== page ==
A routine part of most administrators’ jobs are data collection for reporting: funders and agencies have to know—via numbers—that their money is being effectively spent. Internally, museums find value in knowing whom they reach, and to what extent they achieve their outcome goals. Granting organizations and other funders increasingly require proof that learning has occurred.
Pegging success to numbers does create a terrible outcome-based environment where statistics on visitors, revenue, and school groups are benchmarks to reach and exceed. The chief report many site managers make is on the increase in event attendance between last year and this year. Your continued budget depends on that increase, not the quality of your programs. It makes these quantitative assessments of visitation the measure of success. The problem here is that qualitative measurements of engagement, relationship building, or community good is hard to come by and will not satisfy most oversight bodies.
This kind of data collection and reporting is not really the type of evaluation I’m talking about. (And I point this out because too many people don’t know the difference.) I mean the use of focus groups, surveys, prototypes, and interviews to collect information on visitor expectations, behavior, and the ways they engage (or potentially engage) in exhibits and programs. But the history museums I am familiar with are (necessarily) obsessed with collecting visitor data for reporting, and do not really have time to make other evaluation tools a part of their institutional cultures. I asked a friend who works at my favorite state history museum if evaluation is part of exhibit development. He replied, with knowing, rolled, eyes, “yeah, we don’t do that.” No time, no staff, no budget, and no appreciation by administration of how evaluation tools can enhance the quality of the museum visit. Why prove that learning occurs when the only thing that matters is that people pay admission as they walk through the door?
Joy Kubarek sympathizes in her article, “Building Staff Capacity to Evaluate Museum Education,” “how can museum educators, who already juggle multiple responsibilities, evaluate the learning outcomes of their programs and subsequently demonstrate their impact to others?” (9) Kubarek worked to embed an evaluation culture in her institution, the Shedd Aquarium (again, not a history museum), and described a two-pronged approach.
First, evaluation programs shouldn’t serve just one exhibit or event, but “establish valid, reliable measurements of learning at the aquarium including consistent qualitative and quantitative metrics for learning.” Evaluations, then, should serve not just a single instance, but also contribute to the creation of data sets and predictive models that support commonly understood indicators and interpretive goals across the institution. (In my history museum, I wouldn’t use the term “metrics for learning,” but would develop a robust metric for meaningfulness and engagement.)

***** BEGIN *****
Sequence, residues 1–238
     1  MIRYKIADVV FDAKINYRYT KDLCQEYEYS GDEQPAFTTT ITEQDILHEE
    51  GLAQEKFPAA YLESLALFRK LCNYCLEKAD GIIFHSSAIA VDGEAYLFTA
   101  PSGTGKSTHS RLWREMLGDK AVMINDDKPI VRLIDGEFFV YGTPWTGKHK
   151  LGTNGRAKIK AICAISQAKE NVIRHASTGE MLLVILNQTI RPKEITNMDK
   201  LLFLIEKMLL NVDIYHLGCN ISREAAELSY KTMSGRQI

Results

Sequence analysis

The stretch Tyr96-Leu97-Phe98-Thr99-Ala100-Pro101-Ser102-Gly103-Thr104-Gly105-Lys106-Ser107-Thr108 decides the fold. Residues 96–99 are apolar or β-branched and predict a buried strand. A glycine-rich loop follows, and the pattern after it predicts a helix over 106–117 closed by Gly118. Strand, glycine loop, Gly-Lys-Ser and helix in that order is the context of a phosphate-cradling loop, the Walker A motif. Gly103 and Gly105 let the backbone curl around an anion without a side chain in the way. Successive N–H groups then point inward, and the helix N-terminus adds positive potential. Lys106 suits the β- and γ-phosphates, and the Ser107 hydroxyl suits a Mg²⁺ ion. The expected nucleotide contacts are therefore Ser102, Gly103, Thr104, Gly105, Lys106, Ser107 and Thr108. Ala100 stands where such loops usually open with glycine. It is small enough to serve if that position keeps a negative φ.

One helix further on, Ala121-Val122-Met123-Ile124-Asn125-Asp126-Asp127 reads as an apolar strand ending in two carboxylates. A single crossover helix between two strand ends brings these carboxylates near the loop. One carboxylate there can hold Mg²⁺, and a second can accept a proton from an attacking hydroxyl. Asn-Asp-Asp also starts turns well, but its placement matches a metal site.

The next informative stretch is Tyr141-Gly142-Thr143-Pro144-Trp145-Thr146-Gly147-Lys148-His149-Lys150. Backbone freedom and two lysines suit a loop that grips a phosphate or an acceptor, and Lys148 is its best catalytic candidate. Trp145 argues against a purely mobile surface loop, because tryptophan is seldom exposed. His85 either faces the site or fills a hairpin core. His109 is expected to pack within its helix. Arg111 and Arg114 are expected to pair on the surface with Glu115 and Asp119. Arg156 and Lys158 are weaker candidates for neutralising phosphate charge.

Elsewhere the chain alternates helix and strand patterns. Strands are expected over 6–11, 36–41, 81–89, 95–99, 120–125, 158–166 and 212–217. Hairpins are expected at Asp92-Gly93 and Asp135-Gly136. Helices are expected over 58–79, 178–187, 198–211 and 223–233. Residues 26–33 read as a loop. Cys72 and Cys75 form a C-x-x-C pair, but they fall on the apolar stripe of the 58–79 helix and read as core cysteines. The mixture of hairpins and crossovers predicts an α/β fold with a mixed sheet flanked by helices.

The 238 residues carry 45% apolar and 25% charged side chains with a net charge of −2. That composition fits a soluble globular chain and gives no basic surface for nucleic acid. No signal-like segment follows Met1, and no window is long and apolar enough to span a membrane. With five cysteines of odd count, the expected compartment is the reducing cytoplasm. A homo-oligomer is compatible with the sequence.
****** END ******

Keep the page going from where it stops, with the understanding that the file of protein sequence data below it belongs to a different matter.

Second, Kubarek advocates the building of staff capacity to foster an evaluation culture. Don’t just buy an evaluator for a one-off project, but give staff the tools and the time to do evaluations themselves. She suggests an evaluation “Toolkit” that offers staff members simple guidelines on creating the scope of a study, simple templates for instruments, including consistent survey questions and coding schemes, observation checklists, training materials, access to an evaluation professional, and standards for evidence, and schedules for analysis, review, and reflection. The key here is making evaluation tools accessible to staff across the museum, and more importantly, that data and evidence is used to demonstrate effectiveness. That elusive state—staff buy-in—will follow.
My takeaways are that,
*Data needs to be an essential product. It proves achievement of outcome goals to funders and stakeholders.
*Staff needs to be trained to incorporate evaluation techniques in all parts of the process. This leads to staff ownership. (In turn, it has to be understood and insisted on by administrators.)
*Standards for questions, tools, and techniques need to be established (yet flexible) so that cross-institutional comparisons may be made, a common dataset established, and the institution may coalesce around a new way to understand common interpretive outcome goals.
In part 2, I’ll think through potential evaluations on a certain Civil War exhibit.
See: Kubarek, Joy. “Building Staff Capacity to Evaluate in Museum Education.” Journal of Museum Education. 40(1): 8-12.
(Please note: Evaluation is a highly complex and vibrant discipline in the museum world and my descriptions here are beneath basic. The problem, however, is that history museums–of all the museum types–seem to employ evaluation the least. Some do, granted, but outside of Colonial Williamsburg, the National Park Service, and several places around New York City, you’d be hard pressed to find one that does so consistently. As far as I know, no history museum that I have any relationship with or some knowledge of, has evaluation as part of their institutional cultures. This is what I’m advocating for here.)